LSU’s Jordan talks UFC 149
Great athletes come in all sizes and the UFC’s brightest prospect may lie in the form of former LSU fullback turned professional heavyweight fighter Shawn Jordan.
Since his days playing at the SEC powerhouse, Jordan has worked diligently to obtain the same success in the world of Mixed Martial Arts.
While football is certainly a different sport, it also has similarities that have been beneficial to Jordan’s successful transition to the Octagon prior to facing Cheick Kongo Saturday night live on pay-per-view at UFC 149.
“The things that carried over the most between the two sports, one is we train so hard for football (because) we train year around and we beat each other up all year and it really, really instilled mental toughness in you,” Jordan recently told Heavy.com. “So, that mental toughness from playing football at a high level and playing in front of a 100,000 fans live and million fans on t.v. and that ability to handle that pressure kind of carried over as well. But yeah, being able to compete in tough situation, travel, and compete on short-notice is really good skills to be able to take away from football into this sport.
“It’s been extremely beneficial for me and it’s helped me improve my game and my skill level. It’s turned my fighting completely around, plus Coach Wink has done so much for me in my stand-up and using my athletic ability to really kind of tailor make a style for me to fight with. And Greg is great at game planning and fine tuning everything for you, so having the two of them in your corner as coaches is extremely beneficial for any fighter.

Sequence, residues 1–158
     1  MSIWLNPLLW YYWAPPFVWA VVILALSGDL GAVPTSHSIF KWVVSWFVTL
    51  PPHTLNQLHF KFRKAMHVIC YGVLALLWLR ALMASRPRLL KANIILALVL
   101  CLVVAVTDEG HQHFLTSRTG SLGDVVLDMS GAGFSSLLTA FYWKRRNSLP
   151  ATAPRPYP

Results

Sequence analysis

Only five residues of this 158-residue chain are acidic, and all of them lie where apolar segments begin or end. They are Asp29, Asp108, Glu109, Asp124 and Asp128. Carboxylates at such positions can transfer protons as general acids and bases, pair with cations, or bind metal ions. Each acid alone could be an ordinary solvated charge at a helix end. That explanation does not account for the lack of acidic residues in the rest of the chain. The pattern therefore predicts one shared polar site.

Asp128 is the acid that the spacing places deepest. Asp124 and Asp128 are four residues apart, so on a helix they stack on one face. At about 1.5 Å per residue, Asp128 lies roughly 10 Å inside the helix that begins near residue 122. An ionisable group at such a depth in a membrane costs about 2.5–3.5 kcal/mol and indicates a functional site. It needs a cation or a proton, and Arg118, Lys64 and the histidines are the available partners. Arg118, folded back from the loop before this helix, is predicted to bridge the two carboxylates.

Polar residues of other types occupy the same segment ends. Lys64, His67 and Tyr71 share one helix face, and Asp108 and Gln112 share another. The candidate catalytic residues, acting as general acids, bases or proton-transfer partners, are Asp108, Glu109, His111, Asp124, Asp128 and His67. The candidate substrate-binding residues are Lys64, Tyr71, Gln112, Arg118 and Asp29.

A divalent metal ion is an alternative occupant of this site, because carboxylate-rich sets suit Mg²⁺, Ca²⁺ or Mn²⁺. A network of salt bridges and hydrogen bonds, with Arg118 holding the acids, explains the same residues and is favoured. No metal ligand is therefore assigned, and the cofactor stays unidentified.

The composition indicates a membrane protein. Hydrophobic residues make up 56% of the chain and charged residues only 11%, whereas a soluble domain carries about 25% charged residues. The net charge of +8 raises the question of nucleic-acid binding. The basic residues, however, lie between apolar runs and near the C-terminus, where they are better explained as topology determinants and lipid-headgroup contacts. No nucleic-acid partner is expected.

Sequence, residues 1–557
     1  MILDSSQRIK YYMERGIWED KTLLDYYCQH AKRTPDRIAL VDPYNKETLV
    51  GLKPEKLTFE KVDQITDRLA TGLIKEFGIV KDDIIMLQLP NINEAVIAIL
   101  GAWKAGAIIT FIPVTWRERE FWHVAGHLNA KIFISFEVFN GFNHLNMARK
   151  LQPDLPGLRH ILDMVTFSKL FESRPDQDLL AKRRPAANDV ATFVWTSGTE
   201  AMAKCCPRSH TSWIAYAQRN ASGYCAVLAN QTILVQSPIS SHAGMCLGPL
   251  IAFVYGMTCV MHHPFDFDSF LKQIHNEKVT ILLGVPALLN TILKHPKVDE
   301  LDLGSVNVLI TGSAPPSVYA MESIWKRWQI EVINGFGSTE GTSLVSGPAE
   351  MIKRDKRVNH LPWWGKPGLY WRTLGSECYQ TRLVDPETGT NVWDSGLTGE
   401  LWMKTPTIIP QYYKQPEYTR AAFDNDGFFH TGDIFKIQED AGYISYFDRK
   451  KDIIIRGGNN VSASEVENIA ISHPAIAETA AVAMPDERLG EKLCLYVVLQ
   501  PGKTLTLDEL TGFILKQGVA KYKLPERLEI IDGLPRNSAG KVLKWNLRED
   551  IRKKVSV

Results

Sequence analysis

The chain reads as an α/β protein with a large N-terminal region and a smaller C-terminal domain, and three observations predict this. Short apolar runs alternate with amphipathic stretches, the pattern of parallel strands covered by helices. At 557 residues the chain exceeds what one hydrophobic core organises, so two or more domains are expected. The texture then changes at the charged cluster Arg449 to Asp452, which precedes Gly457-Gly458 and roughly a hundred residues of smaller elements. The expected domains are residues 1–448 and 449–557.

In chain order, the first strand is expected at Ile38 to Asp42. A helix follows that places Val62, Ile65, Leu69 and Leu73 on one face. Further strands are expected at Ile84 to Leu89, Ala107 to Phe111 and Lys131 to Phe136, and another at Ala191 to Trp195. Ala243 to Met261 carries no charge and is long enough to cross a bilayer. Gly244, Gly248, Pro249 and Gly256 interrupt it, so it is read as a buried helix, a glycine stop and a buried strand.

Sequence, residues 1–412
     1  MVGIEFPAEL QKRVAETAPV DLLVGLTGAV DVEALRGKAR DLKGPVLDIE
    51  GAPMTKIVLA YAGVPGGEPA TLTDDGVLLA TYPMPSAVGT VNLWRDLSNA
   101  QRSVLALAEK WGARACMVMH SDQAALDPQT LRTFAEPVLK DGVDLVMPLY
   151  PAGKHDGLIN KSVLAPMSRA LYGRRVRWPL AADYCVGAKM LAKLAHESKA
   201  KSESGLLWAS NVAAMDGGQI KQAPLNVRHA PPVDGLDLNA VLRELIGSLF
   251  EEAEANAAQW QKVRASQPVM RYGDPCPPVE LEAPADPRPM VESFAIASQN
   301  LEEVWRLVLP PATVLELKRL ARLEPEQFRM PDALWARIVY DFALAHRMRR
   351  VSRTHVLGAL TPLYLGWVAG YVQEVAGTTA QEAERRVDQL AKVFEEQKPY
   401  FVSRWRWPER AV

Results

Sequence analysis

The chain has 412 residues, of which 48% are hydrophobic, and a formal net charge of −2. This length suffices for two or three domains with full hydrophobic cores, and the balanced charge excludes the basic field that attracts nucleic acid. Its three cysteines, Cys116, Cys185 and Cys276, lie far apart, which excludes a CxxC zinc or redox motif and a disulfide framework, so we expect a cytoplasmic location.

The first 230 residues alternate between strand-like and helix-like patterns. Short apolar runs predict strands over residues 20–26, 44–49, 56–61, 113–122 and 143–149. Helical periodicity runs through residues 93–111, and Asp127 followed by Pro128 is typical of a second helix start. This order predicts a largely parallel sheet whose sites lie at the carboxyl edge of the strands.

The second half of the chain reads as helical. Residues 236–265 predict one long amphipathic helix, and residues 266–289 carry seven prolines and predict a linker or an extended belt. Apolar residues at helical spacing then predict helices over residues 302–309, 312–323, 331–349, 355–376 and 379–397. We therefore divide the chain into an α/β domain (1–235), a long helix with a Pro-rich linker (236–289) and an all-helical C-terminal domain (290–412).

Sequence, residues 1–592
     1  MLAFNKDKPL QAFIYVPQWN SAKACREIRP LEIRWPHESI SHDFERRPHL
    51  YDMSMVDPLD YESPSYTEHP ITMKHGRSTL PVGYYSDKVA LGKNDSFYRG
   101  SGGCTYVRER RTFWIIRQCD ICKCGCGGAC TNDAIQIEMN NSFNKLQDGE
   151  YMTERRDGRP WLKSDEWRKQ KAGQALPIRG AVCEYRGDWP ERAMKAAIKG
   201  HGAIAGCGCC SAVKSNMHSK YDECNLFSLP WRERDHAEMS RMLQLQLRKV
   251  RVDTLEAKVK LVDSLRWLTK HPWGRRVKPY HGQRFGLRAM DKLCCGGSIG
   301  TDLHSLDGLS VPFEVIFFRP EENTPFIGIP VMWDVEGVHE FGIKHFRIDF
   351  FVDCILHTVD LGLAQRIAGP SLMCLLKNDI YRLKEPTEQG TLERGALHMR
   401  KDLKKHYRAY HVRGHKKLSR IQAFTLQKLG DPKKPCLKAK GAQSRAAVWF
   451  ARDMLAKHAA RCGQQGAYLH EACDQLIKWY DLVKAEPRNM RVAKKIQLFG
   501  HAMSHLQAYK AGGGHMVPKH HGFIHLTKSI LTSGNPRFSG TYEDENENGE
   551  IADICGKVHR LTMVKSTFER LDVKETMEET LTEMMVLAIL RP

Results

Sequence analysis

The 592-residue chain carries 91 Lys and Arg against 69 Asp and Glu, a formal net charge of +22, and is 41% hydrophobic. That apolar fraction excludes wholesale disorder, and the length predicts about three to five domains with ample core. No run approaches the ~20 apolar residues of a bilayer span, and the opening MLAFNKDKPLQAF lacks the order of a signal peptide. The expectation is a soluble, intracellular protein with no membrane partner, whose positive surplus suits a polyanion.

The aforementioned “Coach Wink” is Mike Winkeljohn of the famed Jackson-Winkeljohn camp in Albuquerque, New Mexico.
Along with Greg Jackson, Coach Winkeljohn has helped mold a host of fighters into world champions including current UFC light-heavyweight king Jon Jones and interim welterweight champion Carlos Condit. According to Jordan, “Coach Wink” is responsible for his vastly improved skill-set that’s visible each time he competes on the world stage.
“Coach Winkeljohn is probably most responsible for helping me to do as well as I’ve done and in the fashion I’ve done it in,” said Jordan. “Who would’ve thought that I would’ve came into a matchup with Oli Thompson and do a complete standup fight? Going into there with Oli I didn’t really get hit that much and pretty solid, but I didn’t take a whole lot of damage. A lot of it is working with Coach Winkeljohn, he sees me doing things and tells me to do things that he kind of fabricates it to where it fits my style and my ability. So, he’s actually done wonders and in my opinion is responsible for my improvement to this point.”
In his Octagon debut against Oli Thompson this past March at UFC on FX 2, Jordan impressed by using superior athleticism and power to collect a second-round knockout.
He’ll need to show continued improvement against talented striker and 16-time UFC veteran Cheick Kongo, who represents Jordan’s toughest test to date on Saturday night. Jordan has embraced the opportunity that lies in front of him once they step inside the Octagon.
“Cheick Kongo in my opinion is a big and strong heavyweight fighter and striker,” Jordan said. “He’s done well and I think he’s adapted well over the years. They’re bringing so many athletes into the sport now and especially in the division because a lot athletes are big guys, so they’re bringing these guys in from football, wrestling, and what not. I think he’s done well adapting and trying to learn and improve his game to compete with these guys and he’s done a great job at doing it and he’s still dangerous against anybody.
“So, I’m really excited about it and it’s a great opportunity for me to test my skills to see how far I’ve come along against a guy that’s basically a legend. Anybody that even knows a little bit about fighting probably knows Cheick Kongo. So, it’s a great opportunity for me to compete against somebody like that.”
Regardless of Saturday’s outcome against Kongo, Jordan’s coaching staff has stated that he likely remains two-years away from reaching his prime in the sport’s most tenacious division. From LSU to the world famous Octagon, Jordan is a fighter to keep on your radar.